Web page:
Heat sink 21 has a base 22 from which extend upwardly wafer-like fins 23 which dissipate heat to the adjacent atmosphere, as is well understood in the art. As shown in FIG. 3, the fins 23 may be replaced by plural pins 24. In accordance with the present invention the underside of base 22 is formed with a longitudinal groove 26 which mates with the tongue 18 to align the heat sink 21 with the slug 16 and the chip 12. To strengthen base 22, the base may be formed with an upward offset 27 above the groove 26. Holes 28 formed with counterbores 29 are formed in offset 27 in alignment with holes 19 and at least one of the fins above offset 27 is cut away as indicated by reference numerals 30 above holes 28. In the modification of FIG. 3 one or more pins 24 may be eliminated to provide cut away 30a. Screws 31 fitting through holes 28 and mating with tapped holes 19 detachably secure heat sink 21 to slug 16. Preferably thermal grease 32 is interposed between slug 16 and the underside of base 22 to improve thermal conductivity from the slug to the base. One suitable thermal grease is TECHSPRAY (silicon free heatsink compound produced by Techspray, Inc.).

It will be understood that instead of the tongue 18 being located on the slug 16 and the groove 26 being located on base 22, the relationship may be reversed. Further, instead of screw fasteners 31 being employed, other types of removable fasteners may be used. The number and positioning of the screws 31 is subject to considerable variation.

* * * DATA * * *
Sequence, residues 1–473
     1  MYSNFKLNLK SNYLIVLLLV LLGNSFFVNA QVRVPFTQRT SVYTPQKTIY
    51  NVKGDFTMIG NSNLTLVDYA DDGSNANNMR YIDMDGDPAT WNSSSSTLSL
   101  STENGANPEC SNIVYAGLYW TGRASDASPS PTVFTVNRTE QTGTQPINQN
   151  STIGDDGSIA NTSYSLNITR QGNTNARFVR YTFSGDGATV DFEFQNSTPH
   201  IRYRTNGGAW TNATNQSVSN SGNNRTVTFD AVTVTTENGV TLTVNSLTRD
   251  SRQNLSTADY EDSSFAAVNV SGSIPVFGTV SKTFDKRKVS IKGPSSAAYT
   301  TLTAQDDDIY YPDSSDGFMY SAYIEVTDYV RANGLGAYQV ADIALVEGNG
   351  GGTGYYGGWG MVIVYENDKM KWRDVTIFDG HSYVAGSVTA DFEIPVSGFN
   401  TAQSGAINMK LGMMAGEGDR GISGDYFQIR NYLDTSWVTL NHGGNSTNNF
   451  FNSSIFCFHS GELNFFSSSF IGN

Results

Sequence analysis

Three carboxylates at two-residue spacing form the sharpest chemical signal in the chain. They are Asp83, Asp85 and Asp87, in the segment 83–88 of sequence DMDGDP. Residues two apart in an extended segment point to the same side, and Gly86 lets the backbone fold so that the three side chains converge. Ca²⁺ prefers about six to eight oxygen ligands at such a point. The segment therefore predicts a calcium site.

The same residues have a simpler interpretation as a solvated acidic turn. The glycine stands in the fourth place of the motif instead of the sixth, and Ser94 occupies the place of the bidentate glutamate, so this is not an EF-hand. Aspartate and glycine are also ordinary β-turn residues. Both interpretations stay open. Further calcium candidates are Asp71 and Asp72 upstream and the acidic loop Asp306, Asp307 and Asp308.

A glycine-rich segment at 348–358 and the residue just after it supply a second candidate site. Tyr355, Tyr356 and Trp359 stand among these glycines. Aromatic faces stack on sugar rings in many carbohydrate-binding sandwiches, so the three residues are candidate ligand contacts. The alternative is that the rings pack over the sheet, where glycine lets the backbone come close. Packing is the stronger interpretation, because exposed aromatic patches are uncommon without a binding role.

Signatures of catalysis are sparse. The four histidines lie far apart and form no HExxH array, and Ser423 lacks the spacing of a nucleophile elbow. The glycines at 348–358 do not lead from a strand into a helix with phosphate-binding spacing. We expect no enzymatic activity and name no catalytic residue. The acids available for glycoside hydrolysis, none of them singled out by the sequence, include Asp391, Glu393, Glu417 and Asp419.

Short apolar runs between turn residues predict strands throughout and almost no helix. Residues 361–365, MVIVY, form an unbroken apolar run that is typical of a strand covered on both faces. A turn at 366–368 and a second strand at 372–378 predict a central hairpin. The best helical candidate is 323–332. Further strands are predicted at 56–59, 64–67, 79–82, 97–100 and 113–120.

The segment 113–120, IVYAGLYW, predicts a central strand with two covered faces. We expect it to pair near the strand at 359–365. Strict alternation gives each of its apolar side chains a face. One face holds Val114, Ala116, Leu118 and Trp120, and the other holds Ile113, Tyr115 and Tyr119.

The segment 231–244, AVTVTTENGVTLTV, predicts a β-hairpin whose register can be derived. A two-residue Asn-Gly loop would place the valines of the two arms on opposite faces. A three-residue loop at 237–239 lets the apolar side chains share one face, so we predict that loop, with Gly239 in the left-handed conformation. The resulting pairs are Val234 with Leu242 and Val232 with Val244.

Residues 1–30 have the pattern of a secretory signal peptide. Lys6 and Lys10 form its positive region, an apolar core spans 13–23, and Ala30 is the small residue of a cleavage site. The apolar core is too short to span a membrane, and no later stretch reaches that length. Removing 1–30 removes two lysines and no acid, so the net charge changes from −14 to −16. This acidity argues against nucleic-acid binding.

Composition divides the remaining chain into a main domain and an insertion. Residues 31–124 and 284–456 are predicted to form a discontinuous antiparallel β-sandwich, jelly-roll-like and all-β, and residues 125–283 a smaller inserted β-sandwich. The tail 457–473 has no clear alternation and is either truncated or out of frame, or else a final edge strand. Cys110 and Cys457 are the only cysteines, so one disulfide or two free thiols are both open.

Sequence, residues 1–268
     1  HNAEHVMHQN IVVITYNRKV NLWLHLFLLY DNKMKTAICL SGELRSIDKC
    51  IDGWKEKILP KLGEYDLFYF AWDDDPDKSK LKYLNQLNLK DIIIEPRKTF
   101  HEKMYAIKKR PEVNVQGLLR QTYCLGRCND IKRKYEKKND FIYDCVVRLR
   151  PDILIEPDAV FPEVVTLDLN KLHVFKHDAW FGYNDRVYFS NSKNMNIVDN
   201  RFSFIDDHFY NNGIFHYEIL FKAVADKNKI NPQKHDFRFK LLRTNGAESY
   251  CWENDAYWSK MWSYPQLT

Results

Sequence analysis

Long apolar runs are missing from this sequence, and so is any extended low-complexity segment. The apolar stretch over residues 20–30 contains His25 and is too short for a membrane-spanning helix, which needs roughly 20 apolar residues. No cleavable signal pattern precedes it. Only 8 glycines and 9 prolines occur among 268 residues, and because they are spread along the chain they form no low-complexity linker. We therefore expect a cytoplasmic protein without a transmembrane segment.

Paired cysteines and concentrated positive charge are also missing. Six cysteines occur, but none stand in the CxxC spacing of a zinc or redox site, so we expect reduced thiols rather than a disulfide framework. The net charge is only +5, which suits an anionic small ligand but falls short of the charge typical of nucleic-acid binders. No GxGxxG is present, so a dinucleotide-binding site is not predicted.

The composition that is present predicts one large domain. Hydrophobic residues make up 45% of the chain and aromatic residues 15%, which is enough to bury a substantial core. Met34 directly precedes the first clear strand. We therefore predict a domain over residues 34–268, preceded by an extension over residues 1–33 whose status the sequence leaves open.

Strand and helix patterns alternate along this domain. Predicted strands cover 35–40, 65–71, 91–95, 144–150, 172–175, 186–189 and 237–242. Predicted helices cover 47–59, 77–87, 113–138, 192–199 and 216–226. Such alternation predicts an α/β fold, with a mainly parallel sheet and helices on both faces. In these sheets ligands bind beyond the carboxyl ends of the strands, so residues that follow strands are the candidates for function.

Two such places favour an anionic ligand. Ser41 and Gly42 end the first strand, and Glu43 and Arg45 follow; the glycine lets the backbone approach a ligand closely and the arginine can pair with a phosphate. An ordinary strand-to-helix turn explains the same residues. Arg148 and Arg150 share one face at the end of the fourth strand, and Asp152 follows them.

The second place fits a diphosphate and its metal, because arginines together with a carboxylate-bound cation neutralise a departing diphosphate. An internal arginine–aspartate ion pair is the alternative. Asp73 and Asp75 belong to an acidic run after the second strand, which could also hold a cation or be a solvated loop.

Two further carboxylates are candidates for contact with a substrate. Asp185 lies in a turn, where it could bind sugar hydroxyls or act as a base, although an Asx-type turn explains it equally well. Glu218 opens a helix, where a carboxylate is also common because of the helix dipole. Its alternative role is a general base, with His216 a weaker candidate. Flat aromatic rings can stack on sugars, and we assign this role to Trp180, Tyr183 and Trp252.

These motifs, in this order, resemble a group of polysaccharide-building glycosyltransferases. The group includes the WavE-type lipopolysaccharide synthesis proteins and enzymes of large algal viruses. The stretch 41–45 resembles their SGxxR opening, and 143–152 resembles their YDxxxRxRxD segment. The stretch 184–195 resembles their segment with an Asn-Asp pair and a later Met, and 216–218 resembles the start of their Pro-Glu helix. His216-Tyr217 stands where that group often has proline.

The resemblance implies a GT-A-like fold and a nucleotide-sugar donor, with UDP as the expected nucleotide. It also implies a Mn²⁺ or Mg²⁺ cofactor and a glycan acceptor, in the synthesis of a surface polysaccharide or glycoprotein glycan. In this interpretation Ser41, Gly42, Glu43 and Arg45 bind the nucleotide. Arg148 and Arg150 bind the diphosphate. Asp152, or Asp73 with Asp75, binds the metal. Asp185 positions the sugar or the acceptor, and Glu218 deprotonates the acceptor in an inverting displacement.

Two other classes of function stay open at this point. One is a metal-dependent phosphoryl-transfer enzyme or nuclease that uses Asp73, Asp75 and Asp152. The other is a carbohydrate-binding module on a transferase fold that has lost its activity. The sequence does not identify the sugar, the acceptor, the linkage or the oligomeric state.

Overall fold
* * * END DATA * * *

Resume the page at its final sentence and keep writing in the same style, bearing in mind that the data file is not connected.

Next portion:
As best shown in FIG. 2, the dimensions of slug 16 may be less than those of base 22. This provides for an air gap 34 which facilitates air circulation to cool component 12.

With regard to FIG. 3, many of the components of the structure shown therein resemble those of the preceding modification and the same reference numerals followed by subscript A designate corresponding parts.

The foregoing descriptions of a specific embodiment of the present invention have been presented for purposes of illustration and description. They are not intended to be exhaustive or to limit the invention to the precise forms disclosed, and obviously many modifications and variations are possible in light of the above teaching. The embodiment was chosen and described in order to best explain the principles of the invention and its practical application, to thereby enable others skilled in the art to best utilize the invention and various embodiments with various modifications as are suited to the particular use contemplated. It is intended that the scope of the invention be defined by the claims appended hereto and their equivalents.

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U.S. Classification361/704, 165/185, 361/710, 257/707, 165/80.3, 257/E23.084, 257/718
International ClassificationH01L23/40
Cooperative ClassificationH01L23/4006, H01L2023/4068, H01L2924/0002, H01L2023/4056, H01L2023/4087
European ClassificationH01L23/40B
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Mar 24, 2011FPAYFee payment
Year of fee payment: 12
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Apr 18, 2003FPAYFee payment
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Mar 31, 1998ASAssignment
Effective date: 19980326